Yesterday, after finishing some programs at the Ananda center in Sacramento, California, Devi and I had a few errands to run. Later, having finished our shopping, we were pulling onto the freeway entrance when we saw a family beside the road. The wife and child were sitting on a blanket, and the husband was holding a sign saying, “Our family is homeless. Can you help us?” Though we had but a moment to act, we lowered our window and gave them a small donation. But when we got home, Devi, remembering their eyes, remarked, “I wish we had given them much more,” and I, too, had the same feeling. That evening we both prayed for them during our meditation.
John Ball was a highly regarded author and a friend of Swami Kriyananda and many of us at Ananda. His most famous book, In the Heat of the Night, garnered a number of literary awards, and later was made into a movie that won four Oscars, including Best Picture in 1967. He so enjoyed Ananda Village that the setting for one of his books, Trouble for Tallon, was an Ananda-like community.
I am laptopping this from the Seattle Airport, where we’re waiting to fly back to California after a weekend of programs in Seattle. Airports are great levelers, as Devi and I know, queuing up for more than twenty-five flights each year. One sees people from all over the world: dark skin and light, baseball caps and turbans, families and friends chatting in English, Italian, Hindi, and languages we can’t even recognize. All is marvelous diversity, but while at the airport we are all just fellow passengers. And so it is also on this little planet flying through space: we are all just fellow travellers. If we can but see the unity behind the diversity, we can all be friends. We can all be family. We can all speak the same language of the heart.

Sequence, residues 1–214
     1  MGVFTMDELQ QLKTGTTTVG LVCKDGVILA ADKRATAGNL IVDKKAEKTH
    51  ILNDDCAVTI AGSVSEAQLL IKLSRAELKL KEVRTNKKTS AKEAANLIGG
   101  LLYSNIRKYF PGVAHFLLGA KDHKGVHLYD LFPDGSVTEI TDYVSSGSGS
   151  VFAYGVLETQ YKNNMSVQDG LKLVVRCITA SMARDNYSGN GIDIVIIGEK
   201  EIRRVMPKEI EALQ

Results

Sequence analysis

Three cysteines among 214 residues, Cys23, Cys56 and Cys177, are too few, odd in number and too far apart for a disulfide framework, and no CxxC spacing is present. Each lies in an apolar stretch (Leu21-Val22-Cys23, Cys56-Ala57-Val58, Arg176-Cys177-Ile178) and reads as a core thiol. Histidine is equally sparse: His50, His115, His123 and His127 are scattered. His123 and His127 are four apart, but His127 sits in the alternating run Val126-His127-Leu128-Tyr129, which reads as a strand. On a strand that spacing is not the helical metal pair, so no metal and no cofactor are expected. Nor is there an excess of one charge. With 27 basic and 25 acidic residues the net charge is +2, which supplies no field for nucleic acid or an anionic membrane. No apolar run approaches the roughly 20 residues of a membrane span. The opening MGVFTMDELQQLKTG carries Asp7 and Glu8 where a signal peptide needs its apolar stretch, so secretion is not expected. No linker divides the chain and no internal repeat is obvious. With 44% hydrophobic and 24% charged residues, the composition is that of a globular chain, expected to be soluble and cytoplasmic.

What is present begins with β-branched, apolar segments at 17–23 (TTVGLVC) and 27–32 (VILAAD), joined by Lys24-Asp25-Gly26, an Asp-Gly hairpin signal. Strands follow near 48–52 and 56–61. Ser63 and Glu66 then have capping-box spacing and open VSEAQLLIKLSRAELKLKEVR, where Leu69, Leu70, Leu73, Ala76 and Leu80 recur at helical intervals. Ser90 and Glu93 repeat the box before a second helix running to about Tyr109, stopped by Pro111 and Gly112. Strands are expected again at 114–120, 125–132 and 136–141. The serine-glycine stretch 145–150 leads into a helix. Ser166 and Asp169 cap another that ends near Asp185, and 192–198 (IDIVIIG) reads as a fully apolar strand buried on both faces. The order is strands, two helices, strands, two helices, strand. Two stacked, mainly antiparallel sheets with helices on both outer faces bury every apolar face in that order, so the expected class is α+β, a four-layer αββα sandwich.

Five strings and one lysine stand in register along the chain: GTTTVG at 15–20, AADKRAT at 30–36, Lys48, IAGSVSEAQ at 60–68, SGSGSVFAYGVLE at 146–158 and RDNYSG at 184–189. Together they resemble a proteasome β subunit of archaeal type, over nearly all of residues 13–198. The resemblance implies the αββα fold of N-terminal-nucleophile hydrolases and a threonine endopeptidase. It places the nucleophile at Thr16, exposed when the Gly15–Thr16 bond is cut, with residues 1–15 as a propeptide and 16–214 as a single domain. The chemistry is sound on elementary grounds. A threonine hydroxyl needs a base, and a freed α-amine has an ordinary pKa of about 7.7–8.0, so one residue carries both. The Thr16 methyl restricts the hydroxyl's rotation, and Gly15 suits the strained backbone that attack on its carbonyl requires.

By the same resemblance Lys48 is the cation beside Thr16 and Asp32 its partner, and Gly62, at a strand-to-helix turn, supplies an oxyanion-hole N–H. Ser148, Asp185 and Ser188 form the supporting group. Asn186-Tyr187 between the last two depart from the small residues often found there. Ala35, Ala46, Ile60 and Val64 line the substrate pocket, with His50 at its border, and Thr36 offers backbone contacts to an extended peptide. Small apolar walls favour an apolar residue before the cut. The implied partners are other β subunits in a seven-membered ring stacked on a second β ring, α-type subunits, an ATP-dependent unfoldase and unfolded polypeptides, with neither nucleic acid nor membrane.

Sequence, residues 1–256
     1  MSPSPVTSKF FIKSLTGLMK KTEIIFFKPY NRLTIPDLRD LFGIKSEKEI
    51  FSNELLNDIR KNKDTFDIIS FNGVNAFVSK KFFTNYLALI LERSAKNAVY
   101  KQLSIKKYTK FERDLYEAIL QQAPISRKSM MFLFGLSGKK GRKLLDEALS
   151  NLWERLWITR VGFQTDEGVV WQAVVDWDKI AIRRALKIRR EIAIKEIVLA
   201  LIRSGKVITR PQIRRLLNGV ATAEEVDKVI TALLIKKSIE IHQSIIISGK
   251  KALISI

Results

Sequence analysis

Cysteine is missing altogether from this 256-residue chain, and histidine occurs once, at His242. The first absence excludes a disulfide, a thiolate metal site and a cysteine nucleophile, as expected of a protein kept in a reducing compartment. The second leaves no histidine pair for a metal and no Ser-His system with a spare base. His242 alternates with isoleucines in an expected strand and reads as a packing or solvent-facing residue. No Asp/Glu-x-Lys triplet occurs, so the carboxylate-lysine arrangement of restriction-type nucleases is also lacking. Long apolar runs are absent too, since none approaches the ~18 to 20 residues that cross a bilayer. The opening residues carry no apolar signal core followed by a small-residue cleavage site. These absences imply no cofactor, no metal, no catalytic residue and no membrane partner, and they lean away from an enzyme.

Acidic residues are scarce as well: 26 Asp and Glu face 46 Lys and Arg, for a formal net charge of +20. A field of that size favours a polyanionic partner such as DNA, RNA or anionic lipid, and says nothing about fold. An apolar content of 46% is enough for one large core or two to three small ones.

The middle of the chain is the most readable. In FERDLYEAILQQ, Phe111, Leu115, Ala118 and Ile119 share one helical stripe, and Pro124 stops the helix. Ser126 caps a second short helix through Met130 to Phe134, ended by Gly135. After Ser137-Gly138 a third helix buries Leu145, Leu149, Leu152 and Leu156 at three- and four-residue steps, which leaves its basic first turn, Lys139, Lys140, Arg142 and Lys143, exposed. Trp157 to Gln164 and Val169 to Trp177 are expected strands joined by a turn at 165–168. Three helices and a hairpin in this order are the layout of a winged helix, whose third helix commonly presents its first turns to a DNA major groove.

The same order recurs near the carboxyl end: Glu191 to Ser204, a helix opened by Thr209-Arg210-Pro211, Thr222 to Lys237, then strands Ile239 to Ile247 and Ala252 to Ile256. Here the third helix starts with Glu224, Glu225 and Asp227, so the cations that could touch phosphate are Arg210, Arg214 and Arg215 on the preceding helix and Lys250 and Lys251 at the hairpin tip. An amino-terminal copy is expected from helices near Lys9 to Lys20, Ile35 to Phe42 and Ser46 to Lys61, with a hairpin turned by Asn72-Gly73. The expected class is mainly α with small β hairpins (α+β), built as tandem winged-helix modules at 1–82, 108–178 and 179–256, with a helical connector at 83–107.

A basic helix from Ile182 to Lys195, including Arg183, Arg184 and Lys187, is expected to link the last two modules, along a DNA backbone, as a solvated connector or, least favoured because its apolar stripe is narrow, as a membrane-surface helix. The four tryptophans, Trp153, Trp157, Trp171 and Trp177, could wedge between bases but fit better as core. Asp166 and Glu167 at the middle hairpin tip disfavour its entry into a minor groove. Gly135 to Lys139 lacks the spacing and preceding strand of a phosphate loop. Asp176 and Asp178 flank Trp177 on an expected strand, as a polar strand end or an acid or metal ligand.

Elon Musk is among a group of scientists and innovative thinkers who feel that it is likely that we live in a virtual-reality world. Their thinking goes something like this: The human race is very young in comparison to the life of the universe, and yet we have already advanced to the point where we are on the verge of creating virtual-reality worlds that can fool us into thinking and feeling that they are real. Therefore, the likelihood is that other, more advanced races, have already perfected this technology sufficiently to create a universe that seems completely real. And we are living in it. (Disclaimer: I am not endorsing this line of reasoning, only using it as a springboard for this blog.)
Running through Ananda Village in Northern California are the rutted remains of an old road. A hundred and fifty years ago, during the time of the Gold Rush, when tons of ore were taken from the land around us, Wells Fargo stagecoach drivers urged their horses up and down these hills, and Pony Express riders rushed along carrying bags of mail. Interesting as history, but in current times this old road leads nowhere.
We need more global warming. No, not the kind where the average temperature rises. I mean where the average consciousness rises. The only true cure for many of the world’s problems—war, poverty, and even rising temperatures—is for mankind’s consciousness to expand.
Today is the fourth anniversary of Swami Kriyananda’s leaving his body. Ananda Worldwide celebrates this occasion with what we call “Moksha Day,” a day dedicated to Self-realization, or spiritual freedom. We start the day with a six-hour meditation at the Moksha Mandir, where Swami Kriyananda’s body is enshrined. This is an especially beautiful time of year at Ananda Village, with Swami’s beloved gardens filled by more than fifteen thousand tulips and thousands of visitors. It’s almost as if he thought, “If people are going to gather to honor this day, let them be surrounded by beauty.”
I would like to ask you to take a moment, close your eyes, and answer this question in your own words: What is happiness?
This morning as I sat in meditation, I ignored some of the advice I am sharing here. Instead of focusing entirely on my meditation, I spent some time thinking about this blog. (Ah, how often we ignore good advice, even when it comes from ourselves!) Yet I hope some benefit will come from my well-intentioned restlessness. Anyway, here is what came to me.
As I write these words it’s March 7, the 65th anniversary of Paramhansa Yogananda’s mahasamadhi (conscious exit from the body). He left this earth in a dramatic fashion. At a banquet in Los Angeles in honor of the visiting Indian ambassador, after a short and very sweet talk, the great master recited his poem, “My India.” As he read the final lines, his body slipped to the floor, and his soul departed for higher realms. He had predicted the time of his passing and had said that he wanted to die “with his boots on” serving, as he always had, as a teacher and model to all receptive seekers. [Listen to Swami Kriyananda tell the story of Yogananda's passing.]